Last modified on 24 May 2014, at 00:08



Alternative formsEdit



From Old English æsc (ash tree) + leah (wood, clearing).

Proper nounEdit


  1. A common English place name.
  2. A surname derived from the places.
  3. A male given name transferred from the surname.
  4. A female given name transferred from the surname.

Usage notesEdit

  • Ashley was originally a male given name, but since the sixties it has also been given to women, particularly in the U.S.A. as the top name for girls in 1991 and 1992.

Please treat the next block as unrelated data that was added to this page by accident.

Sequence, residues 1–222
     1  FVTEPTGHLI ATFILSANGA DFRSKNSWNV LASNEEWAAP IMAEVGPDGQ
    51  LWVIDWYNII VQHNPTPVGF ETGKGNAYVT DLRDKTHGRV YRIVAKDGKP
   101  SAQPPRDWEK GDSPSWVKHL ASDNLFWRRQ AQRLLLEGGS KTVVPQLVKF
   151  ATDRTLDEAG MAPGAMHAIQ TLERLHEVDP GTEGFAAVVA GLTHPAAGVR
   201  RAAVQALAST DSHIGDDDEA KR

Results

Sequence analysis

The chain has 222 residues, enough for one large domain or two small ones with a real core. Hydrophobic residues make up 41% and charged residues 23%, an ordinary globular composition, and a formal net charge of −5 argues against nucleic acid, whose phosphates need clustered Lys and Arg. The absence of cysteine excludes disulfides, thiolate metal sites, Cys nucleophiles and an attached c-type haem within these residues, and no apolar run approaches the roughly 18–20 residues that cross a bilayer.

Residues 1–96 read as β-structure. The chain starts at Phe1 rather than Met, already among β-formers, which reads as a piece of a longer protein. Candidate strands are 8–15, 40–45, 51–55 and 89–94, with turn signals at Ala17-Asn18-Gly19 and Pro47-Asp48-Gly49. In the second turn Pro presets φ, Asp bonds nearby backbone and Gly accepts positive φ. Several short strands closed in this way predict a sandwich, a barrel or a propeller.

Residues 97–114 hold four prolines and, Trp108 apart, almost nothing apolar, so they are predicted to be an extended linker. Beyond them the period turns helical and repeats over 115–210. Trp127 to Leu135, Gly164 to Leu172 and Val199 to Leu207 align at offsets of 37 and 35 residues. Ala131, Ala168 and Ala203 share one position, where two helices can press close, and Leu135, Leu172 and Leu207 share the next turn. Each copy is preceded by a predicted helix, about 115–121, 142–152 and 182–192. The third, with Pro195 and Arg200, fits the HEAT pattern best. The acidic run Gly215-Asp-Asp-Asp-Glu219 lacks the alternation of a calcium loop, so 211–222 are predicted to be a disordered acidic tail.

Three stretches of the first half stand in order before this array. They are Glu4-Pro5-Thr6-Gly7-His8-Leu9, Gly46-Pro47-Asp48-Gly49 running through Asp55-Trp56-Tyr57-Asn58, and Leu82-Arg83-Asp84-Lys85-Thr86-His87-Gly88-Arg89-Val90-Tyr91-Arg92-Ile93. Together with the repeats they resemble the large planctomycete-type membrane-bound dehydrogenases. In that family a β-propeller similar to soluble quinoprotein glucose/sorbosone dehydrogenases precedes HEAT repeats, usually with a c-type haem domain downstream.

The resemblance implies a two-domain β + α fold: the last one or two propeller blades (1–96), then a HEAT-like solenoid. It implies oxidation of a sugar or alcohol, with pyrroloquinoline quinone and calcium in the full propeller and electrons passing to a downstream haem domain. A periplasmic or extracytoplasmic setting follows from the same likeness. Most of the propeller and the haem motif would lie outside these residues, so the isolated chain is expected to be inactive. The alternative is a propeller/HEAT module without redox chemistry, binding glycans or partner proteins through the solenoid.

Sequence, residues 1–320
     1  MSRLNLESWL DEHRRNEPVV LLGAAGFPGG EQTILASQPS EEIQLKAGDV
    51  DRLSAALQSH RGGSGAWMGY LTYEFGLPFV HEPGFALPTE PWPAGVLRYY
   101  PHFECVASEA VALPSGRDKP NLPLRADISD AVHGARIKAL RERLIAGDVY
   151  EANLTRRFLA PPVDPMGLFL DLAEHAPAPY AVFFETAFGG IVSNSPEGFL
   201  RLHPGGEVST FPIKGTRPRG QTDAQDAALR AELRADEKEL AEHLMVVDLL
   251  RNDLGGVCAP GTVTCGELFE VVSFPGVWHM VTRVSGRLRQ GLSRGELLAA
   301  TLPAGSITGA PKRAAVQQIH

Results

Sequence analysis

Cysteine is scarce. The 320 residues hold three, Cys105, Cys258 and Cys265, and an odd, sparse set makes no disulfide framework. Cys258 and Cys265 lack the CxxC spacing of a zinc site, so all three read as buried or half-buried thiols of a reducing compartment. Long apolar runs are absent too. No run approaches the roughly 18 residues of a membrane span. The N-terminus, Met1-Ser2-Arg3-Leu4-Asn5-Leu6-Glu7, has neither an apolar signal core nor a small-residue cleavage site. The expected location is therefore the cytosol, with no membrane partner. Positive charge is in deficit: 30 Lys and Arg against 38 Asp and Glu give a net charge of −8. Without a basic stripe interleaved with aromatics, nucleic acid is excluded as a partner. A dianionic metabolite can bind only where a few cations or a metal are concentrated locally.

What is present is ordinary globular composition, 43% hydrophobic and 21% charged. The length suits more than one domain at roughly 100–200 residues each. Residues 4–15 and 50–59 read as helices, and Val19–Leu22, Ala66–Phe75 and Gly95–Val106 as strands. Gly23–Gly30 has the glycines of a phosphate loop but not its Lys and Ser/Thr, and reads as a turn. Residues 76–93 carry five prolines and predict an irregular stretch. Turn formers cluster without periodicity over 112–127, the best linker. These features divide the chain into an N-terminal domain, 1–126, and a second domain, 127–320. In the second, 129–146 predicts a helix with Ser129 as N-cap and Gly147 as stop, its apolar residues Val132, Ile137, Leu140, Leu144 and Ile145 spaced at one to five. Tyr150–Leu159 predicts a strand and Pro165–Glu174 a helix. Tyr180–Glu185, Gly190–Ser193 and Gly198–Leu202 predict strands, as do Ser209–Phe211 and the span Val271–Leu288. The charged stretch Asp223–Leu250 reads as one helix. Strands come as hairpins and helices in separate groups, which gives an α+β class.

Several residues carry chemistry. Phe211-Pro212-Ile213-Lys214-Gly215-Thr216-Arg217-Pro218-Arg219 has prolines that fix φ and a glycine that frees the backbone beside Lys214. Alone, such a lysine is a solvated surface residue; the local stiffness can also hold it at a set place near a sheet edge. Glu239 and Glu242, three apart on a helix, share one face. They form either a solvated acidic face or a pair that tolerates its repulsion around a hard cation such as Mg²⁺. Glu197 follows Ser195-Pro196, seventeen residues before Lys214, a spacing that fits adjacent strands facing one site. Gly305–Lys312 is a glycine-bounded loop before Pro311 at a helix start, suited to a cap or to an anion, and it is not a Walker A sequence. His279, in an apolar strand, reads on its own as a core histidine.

• 1936 Margaret Mitchell: Gone With the Wind: Chapter III:
    'There now, Scarlett! You admit it is true. What would you be doing with a husband like Ashley? 'Tis moonstruck they all are, all the Wilkes.'
  • 1999 Andrew Pyper: Lost Girls: Chapter Ten:
    But when Krystal McConnell and Ashley Flynn were named deep in the heart of the '80s the thing was cuteness, feminine delicacy raised to an aesthetic paradigm. --- And everyone named according to a particular version of the pedigree fantasy. Ashley : transplanted Southern privilege, a destiny lying in sorority mixers and a marriage of health club memberships, state-of-the-art appliances and night courses in nouvelle cuisine.